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Cisco Call Manager

Viewing 7 posts - 1 through 7 (of 7 total)
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  • #20268

    We are switching from T1 lines that are half data and half voice to a fiber optic 10Mb line to each of our remote locations which have less than thirty phones each and a 100Mb fiber optic line to a location with about 60 phones. The use of VOIP will eliminate my needs for voice lines. We are currently using a NEC 2400 PBX as or main switch with a NEC 2000 switch in each of our other locations. I am at the point that I have to expand my current 2400 switch or look for an alternative. Is Cisco’s Media Convergence Server with Call Manger ready for the big league.

    The one thing that I have been impressed with since I took over the Telecommunications position is the stability of the NEC system. Is Cisco Call Manager a stable system? I have found the 2400 switch to be expensive to upgrade and yes I know that you get what you pay for, at least most of the time.

    John Walter

    What you are planning to do is on the computing area with its own stability. It is as stable as you make it. Most of the time its not the vendors fault if there is instability in the IP PBX area.

    Another stable system is the HiPath 5300-Server from Siemens – and old dragon in the PBX market. They might know what stability means. It is based on a Windows NT embedded in the Flash EPROM.

    More information under:

    L Lohmeier

    Today, the value that IP-based telephone systems brings includes: reduced infrastructure expense, better solutions for remote/branch offices, and centralized administration. Generally, it is not a solution to reduce long distance expense. These systems are typically more sophisticated and expensive than key systems.

    However, this is the latest technology, it will position your company for all the new applications that will open up in the next few years. There are good, reliable, exciting products available.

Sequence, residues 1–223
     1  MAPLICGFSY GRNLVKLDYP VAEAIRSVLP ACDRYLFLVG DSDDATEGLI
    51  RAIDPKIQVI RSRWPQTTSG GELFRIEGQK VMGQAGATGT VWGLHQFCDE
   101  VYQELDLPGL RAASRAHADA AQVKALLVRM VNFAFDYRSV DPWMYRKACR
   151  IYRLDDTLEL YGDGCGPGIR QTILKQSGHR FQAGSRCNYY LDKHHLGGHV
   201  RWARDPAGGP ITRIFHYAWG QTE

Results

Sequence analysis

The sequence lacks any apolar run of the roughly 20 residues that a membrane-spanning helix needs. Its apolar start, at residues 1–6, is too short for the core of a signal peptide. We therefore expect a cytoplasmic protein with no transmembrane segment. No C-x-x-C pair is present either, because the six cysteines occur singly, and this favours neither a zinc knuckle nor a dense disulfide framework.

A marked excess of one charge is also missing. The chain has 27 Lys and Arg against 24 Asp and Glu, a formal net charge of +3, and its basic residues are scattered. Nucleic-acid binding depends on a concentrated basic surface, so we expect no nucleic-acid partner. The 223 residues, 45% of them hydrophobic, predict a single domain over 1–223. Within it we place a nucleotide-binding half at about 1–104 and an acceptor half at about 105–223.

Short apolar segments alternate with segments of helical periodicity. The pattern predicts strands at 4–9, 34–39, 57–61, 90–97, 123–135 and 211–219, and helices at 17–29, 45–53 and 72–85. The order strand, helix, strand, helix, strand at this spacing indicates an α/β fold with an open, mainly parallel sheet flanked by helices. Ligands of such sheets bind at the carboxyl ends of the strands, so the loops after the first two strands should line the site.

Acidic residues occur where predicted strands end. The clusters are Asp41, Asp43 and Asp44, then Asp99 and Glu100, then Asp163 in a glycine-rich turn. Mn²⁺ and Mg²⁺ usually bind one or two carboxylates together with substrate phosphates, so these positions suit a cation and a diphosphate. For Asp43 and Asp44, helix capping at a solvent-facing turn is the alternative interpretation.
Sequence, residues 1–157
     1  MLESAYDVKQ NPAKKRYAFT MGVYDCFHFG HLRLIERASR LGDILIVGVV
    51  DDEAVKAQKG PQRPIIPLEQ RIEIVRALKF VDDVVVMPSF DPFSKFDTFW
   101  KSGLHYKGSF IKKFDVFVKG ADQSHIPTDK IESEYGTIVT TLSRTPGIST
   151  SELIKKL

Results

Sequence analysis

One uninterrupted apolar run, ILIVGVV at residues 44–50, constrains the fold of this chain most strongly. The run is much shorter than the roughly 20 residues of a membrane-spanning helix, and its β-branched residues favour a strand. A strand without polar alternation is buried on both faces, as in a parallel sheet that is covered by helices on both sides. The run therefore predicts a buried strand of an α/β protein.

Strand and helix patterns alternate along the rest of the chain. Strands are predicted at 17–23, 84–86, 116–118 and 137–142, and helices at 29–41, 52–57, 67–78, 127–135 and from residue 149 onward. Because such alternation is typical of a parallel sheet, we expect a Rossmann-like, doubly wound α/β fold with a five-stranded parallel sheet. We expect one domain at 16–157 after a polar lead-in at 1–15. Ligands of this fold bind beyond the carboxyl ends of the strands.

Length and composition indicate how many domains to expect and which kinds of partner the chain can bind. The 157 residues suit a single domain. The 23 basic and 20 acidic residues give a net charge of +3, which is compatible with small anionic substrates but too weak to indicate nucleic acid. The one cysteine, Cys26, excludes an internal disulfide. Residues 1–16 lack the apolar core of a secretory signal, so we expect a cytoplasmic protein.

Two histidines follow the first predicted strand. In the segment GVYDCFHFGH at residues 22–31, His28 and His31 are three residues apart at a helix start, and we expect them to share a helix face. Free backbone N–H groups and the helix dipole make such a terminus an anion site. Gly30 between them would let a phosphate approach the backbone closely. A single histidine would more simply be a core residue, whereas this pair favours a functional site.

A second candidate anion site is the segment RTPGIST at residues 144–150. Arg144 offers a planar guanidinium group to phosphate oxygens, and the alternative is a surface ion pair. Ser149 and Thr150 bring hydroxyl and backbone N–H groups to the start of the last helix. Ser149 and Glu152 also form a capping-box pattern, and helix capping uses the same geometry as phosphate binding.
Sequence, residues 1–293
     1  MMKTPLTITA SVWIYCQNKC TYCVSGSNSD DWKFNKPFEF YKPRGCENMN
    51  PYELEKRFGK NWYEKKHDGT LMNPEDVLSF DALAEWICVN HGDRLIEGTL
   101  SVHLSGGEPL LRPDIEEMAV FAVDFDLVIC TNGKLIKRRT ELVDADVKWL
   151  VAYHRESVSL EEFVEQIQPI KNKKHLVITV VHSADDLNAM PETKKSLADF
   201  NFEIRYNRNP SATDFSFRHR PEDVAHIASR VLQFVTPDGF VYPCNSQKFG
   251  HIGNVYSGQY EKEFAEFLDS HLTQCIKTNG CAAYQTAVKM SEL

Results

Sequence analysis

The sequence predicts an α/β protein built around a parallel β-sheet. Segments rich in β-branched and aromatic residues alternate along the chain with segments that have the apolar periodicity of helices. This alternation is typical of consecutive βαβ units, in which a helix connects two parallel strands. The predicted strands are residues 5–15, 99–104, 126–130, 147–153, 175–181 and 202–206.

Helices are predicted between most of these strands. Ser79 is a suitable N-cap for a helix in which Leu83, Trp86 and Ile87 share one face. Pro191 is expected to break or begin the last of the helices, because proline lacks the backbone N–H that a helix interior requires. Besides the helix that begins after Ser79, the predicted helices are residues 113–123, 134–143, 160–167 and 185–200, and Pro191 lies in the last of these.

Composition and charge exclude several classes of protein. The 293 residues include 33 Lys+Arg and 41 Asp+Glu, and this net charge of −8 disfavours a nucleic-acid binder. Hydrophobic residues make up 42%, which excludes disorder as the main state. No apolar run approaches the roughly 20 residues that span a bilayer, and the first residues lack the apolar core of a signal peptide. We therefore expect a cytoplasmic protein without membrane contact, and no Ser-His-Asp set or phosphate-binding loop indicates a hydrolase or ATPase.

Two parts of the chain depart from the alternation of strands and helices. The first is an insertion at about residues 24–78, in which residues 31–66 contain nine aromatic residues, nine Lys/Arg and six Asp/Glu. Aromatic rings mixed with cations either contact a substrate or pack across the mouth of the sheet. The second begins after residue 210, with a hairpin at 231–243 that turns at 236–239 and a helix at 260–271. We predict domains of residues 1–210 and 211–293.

The Avaya products offer high quality voice, strong feature integration, reliability, scalability and IP-based voice endpoints.

    If you have a serious requirement to find a replacement to your NEC, I’d be glad to discuss and compare Avaya/Cisco solutions. Please call our offices at 1-800-246-7999, ask for L Lohmeier.

    K Silveira

    The most important consideration is how tried the solution is. We are a Cisco reseller, a PBX reseller, and a network/LAN/WAN reseller. I will not try to sell you on anything. I will tell you that you need to be sure of the technology you need to purchase. Cisco, 3COM, and Altigen all have products that perform IP telephony bu they are all very young phone system companies. Some of the traditional featus you enjoy on your NEC PBX will take years for these companies to learn and duplicate. Meanwhile, even large companies like Avaya, NEC, Nortel, Toshiba, et. al have very young IP products that have not been tested or implemented behind multiple configurations. Between your WAN config, your IP config, and your LAN config, the most important thing you can do is find a vendor who has RELEASED and TRIED products. You also need to make sure your telecom vendor has a very proven set of CTI applications and a strong ACD solution. You will need to deal more with deliverability than marketability.

    My thoughts,



    The Cisco AVVID solution, utilizing the MCS7835 Server with Call Manager 3.0, can scale up to 100,000 users (and more)through the use of clustering. One MCS7835 Server can accomodate roughly 1000 users.

    Add to that the Unity Messaging system (Unified Voice messaging) and you have a complete package, capable of handling Voice, Video and Data quite readily.

    Having spent the last 3 months researching this, I am about to put a small VoIP “test network” in place here at my place of employment, to gather real-time statistics in preparation for a FULL-Scale deployment in Q3 of 2002.


    Pete Miller
    Senior Network Engineer

    Greg Stahl

    We have a relatively new (1999) NEC NEAX 2400. You’re right about the PBX, I’ve worked on them a long time and NEC makes a very good switch.
    We are now a 3Com shop and are looking at replacing all our network hardware with Cisco, so I’ve been studying Cisco’s VoIP solution too.